Italy’s Hand Grenade Under The Euro- Maybe Leave, If Not At Least Debt Forgiveness


The new Italian government is preparing something more than just a small explosion under the foundations of the Euro. Sadly, to my taste, it’s not large enough, for they seem to have ruled out actually leaving the currency. Italy leaving the euro being the one thing which would, after a certain amount of chaos to be sure, substantially benefit the Italian economy. Oh, and yes, not to be forgotten, kill off that misbegotten child of Brussels fantasies, the euro itself. Something we should all devoutly wish for, that death, as it’s by a long way the most absurd and damaging economic policy inflicted upon Europe since state socialism circled the u-bend.

This is a good start:

A leaked draft of the programme under discussion between the Five Star Movement (M5S) and the League has revealed some of their most radical plans for Italy, including potentially exiting the euro, scrapping sanctions on Russia and asking the EU to forgive massive Italian debts.

Sadly they seem to have walked back on that plan to leave the euro. The draft is here, in Italian.

They will also demand something which is really quite fun:

The joint document will demand the ECB forgives Italy of €250 billion Italian benchmark BTP bonds bought under the bank’s so-called “quantitative easing” programme to help reduce Italy’s public debt. Italy’s debt mountain totals more than 130 percent of national output is the highest in the Eurozone after Greece’s.

The amusement here being that there are those who insist that QE will never be unwound. The Senior Lecturer at Islington Technical College, for example, insists that the central bank holing such government debt means that it is already cancelled. So, official cancellation makes no difference, why not do it? One reason why not to do it is that the Germans will go absolutely spare of course.

For what that would be is monetisation of the debt. Something which the Bundesbank is resolutely against and for good historical reason. Germany did suffer a massive hyperinflation in the 1920s an it’s something that hasn’t yet left the collective psyche.

It’s also going to be interesting seeing some of the contortions that people will go through. For this is – arguably at least – a useful way forward:

Analysts are concerned that big spending plans by 5-Star and the far-right League, who are negotiating to form a coalition, will push up Italy’s debt, which at more than 130 percent of national output is already the highest in the euro zone after Greece’s.

“The recipe for lowering the debt is through investments and expansionary policies,” Di Maio told reporters in parliament.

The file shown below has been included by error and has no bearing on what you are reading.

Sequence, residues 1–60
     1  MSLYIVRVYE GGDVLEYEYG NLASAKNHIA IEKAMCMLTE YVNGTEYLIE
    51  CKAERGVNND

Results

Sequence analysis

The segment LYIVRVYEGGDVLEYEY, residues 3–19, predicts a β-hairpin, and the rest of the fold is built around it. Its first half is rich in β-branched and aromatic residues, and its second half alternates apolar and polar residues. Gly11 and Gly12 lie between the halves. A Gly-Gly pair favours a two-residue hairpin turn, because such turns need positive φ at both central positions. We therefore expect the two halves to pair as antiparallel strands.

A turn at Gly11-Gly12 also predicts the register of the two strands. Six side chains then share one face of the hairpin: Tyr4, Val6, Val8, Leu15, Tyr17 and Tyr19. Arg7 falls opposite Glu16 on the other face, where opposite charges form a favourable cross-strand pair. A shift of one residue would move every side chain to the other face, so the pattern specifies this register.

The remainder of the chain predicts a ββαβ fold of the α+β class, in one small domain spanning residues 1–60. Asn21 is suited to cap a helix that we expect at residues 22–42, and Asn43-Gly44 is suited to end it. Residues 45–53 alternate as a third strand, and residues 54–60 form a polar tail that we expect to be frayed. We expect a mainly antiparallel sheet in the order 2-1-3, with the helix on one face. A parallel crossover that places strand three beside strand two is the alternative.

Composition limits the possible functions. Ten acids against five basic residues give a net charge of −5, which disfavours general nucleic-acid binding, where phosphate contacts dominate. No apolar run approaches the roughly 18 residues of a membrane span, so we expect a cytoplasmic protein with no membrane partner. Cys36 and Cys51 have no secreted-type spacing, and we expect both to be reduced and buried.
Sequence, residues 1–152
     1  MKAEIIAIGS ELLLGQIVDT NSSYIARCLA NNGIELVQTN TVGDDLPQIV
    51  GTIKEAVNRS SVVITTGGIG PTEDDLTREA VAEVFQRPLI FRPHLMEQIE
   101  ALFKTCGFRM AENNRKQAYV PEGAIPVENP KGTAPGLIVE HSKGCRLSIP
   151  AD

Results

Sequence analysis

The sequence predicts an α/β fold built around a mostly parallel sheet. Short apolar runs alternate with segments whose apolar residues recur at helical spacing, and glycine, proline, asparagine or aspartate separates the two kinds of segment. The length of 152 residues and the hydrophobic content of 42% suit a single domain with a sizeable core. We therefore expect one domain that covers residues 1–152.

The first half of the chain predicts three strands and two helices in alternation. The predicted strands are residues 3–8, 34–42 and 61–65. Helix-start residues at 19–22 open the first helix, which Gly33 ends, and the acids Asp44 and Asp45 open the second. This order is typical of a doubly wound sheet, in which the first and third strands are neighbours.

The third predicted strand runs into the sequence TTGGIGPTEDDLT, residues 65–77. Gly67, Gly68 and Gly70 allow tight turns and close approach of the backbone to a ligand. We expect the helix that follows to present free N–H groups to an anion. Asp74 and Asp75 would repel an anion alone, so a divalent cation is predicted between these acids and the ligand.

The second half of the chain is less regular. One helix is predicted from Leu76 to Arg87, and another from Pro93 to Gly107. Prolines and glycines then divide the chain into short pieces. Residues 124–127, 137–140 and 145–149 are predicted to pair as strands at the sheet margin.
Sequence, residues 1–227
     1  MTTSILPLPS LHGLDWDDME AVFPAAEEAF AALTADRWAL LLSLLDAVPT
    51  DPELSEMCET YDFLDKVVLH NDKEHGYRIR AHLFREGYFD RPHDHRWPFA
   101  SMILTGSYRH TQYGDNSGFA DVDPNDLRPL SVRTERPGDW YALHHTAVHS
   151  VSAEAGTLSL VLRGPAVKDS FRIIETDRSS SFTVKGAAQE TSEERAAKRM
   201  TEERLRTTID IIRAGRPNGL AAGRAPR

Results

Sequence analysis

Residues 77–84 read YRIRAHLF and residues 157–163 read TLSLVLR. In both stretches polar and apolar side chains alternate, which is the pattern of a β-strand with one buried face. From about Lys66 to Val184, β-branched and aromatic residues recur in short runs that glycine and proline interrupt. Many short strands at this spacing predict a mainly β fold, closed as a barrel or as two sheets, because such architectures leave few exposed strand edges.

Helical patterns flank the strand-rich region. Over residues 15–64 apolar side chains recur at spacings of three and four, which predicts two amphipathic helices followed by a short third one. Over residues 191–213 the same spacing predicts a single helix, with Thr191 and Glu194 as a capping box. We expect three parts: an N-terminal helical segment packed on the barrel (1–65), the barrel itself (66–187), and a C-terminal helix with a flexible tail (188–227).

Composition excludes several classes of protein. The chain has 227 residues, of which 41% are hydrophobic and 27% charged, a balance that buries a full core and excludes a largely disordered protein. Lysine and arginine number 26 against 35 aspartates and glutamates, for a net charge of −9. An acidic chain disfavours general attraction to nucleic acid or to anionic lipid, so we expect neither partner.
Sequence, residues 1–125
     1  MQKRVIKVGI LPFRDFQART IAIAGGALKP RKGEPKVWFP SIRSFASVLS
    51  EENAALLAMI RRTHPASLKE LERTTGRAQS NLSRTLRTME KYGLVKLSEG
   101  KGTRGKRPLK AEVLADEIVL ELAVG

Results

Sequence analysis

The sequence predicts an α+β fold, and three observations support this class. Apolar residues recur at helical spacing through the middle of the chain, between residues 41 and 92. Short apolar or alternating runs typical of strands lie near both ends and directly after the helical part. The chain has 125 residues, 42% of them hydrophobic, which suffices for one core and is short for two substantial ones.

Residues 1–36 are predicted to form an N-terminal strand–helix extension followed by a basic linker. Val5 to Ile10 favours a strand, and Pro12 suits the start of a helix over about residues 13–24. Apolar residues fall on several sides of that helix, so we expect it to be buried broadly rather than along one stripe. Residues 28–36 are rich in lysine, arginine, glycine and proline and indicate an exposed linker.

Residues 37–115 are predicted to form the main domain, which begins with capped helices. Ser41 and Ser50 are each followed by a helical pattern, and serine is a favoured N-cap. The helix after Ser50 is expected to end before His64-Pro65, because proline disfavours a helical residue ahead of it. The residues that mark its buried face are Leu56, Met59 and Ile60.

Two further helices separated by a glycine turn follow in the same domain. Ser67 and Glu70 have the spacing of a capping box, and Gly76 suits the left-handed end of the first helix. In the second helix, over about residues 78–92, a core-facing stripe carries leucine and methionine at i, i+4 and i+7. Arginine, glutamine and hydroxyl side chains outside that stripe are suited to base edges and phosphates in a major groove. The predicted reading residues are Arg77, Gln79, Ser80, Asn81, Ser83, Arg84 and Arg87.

We will note the similarity between that and certain domestic cries here in Britain, won’t we? Stop the austerity and spend, spend, spend, to expand the economy. This won’t work here in the UK of course as we’re already at record low levels (since 1971 anyway) of unemployment and it’s entirely unobvious that a larger deficit, more government spending, will increase economic growth rather than just push inflation up. The arguments in favour in Italy are rather stronger by those conventional Keynesian theories.

However, by and large you understand, those who favour that particular perversion of macroeconomics are also those who favour the European Union. And the EU is entirely insistent that Italy shouldn’t be allowed to – indeed isn’t allowed to on pain of fines – to do such a domestic expansion. Gross debt must be falling, budget deficits are to be controlled and so on. This is all part and parcel of the rules of the euro. To go it alone in such a manner would be to break those euro membership rules.

Which is going to produce the odd contortion, isn’t it? Those who like both the euro and Keynes face the problem of which to support.

Huffington Post Italia late Tuesday leaked a proposal by the antiestablishment Five Star Movement and the far-right League — populist parties that came out on top in an inconclusive March election — outlining a plan to ask the European Central Bank for a writedown.

It won’t happen for QE isn’t really the issue here anyway. What is is that such an action would mean the other eurozone governments would be paying for past Italian spending. That’s not going to fly.

The mechanism is that yes, the ECB has simply printed money on its computers and used it to buy Italian government debt. When it’s sold, that debt, then the money will be fed back into the computers and vanish. That’s how QE works. Ah, but, the profits of the ECB are sent off to the national governments which own it. A €250 billion write off is still a €250 billion write off, meaning €250 billion of profits which won’t be sent to national governments. Those other eurozone governments will just have paid that €250 billion of past Italian government spending.

This isn’t, to put it mildly, going to happen.

I’ve long insisted that the solution to Italy’s woes is to leave the euro. Beppe Grillo even used to agree. Sadly, that idea now seems to have gone by the wayside.